Ch. 1 Adult Development and Aging
Why study Adult Development and Aging?
2. Personal: thinking about their own development and aging. One can control or optimize
to some extent his/her own development throughout adult years.
3. Service: wanting to know how to help others
What is Developmental Psychology?
-Development: combined effects of the accumulation of experiences and the consequences
of time-related biological processes that affect behavior and physiology throughout the life
span of individuals. The term development applies to changes in behavior that vary in a
predictable and orderly way with increasing age.
-Developmental change must be relatively durable and distinct from temporary fluctuations
in behavior caused by mood
-Development carries potentials and limits; it may include gains as well as losses in
-Study of development: 2 aims
1. Ontogeny or Intraindividual change: the origins and development of behavior
within the individual. Intraindividual is the change that occurs over different age groups.
Can be studied cross-sectionally (comparing groups of differ ages at single time or
longitudinally (group of individuals over time)
2. Interindividual differences: the goal is to describe and try to explain factors
that contribute to the differences between individuals as they grow older. How and why
individuals develop and change as they grow older, and how and why individuals show
different patterns of development and change.
-Developmental psychology: the study of age-related Interindividual differences and
age-related intraindividual change. The main goals of developmental psychology are to
describe, explain, predict, and improve or optimize age-related behavior change.
-The specific events or processes that occur during an interval of time are the real
determinants of development and aging; time and age itself does not directly cause change
-nonevents: events that we don’t personally or directly experience can affect the path of
development. That is we might have developed differently if we had grown up in a different
neighborhood or country.
-in developmental psych, behavior (just about anything people do) is the focus of study
Theoretical issues in the study of adult development and aging
-development includes gains as well as loss of behaviors
Development as Gains and Losses
-no age period is more important than another
-Profound changes continue to occur throughout the life span
Quantitative and Qualitative Change
-Quantitative: gradual and continuous. Differences in amount or degree
-Qualitative: stagewise. Changes are differences in kind of behavior
Development as Co-Construction of Biology and Culture
-Development is a co-construction of cultural factors interacting with genetic and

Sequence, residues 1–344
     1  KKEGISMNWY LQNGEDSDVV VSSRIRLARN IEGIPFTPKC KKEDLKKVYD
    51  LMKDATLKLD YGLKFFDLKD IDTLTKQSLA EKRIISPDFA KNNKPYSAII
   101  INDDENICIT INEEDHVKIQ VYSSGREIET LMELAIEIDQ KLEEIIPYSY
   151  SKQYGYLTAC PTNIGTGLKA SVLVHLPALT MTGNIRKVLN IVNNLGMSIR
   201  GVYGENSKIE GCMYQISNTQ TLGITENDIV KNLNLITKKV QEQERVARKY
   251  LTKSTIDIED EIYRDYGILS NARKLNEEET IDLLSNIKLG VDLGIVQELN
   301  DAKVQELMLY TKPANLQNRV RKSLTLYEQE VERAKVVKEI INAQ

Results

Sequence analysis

-Biogenetic: the presence of particular genes and genetic variations “protects: against
particular diseases and insults associated with lifestyle and environment events up to a
point. The presence of other genes and genetic variations in combination with particular
environmental risks (stressful experiences, unhealthy lifestyles) increases vulnerability to
particular diseases or accelerates normal aging processes.
-Biobehavioral: negative effects on dev. Include untreated high cholesterol or chronic
stress. Positive effects on dev. Include exercise, and healthy diet
-Behavioral-cultural: negative effects include particular events in the culture that result
in anger, depression, or withdrawl. Positive effects include opportunities experiences within
the culture that promote social and cognitive engagement
-Health span: the section of the life span during which the person is effectively or
Stagewise change and continuous change
-Change takes place on multiple levels (biogenetic, behavioral, and biocultural)
-The notion of stages of development is controversial; researchers disagree about whether
distinct stages of development occur during the adult years and about the criteria that
might indicate the presence of stages
-A stage theory is a description of a sequence of qualitative changes. Stage theories
require 4 assumptions:
1. Stage 1 must always precede stage 2
2. Each successive stage consists of integration and extension of a previous stage
3. The transition from one stage to another is abrupt
4. Each stage represents an organized whole characterized by several particular
behaviors or competencies
-Thus the sudden or abrupt appearance of an entire set of behaviors at a particular time in
the life of most individuals would be strong evidence for stage wise development.
-Nonstage theories posit that development is always continous.
-Mechanisms cause an increase, a decrease, or stability in a behavior over the life span
-Although adulthood has been traditionally characterized as aperiod of relative continuity ,
new studies have revealed substantial diversity among adults (interindiviual differences),
as well as substantial variability within the same person across time (intraindividual
change) and across tasks or situations (intraindividual change)
Plasticity and Cognitive Reserve Capacity
-Plasticity: potential modifiability of an event or process.
- A primary focus of much of the current research in adult development and aging is to
describe and explain the conditions that affect the individual’s potential and limits to
effectively adapt to chan ging events and the mechanisms or processes that affect the
success of adaptation
-3 types of plasticity: